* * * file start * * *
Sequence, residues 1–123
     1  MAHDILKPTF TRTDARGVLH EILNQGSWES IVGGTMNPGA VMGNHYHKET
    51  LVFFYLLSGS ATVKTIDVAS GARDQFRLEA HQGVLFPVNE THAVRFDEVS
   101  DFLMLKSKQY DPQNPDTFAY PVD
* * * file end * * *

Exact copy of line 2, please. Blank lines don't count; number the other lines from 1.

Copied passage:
     1  MAHDILKPTF TRTDARGVLH EILNQGSWES IVGGTMNPGA VMGNHYHKET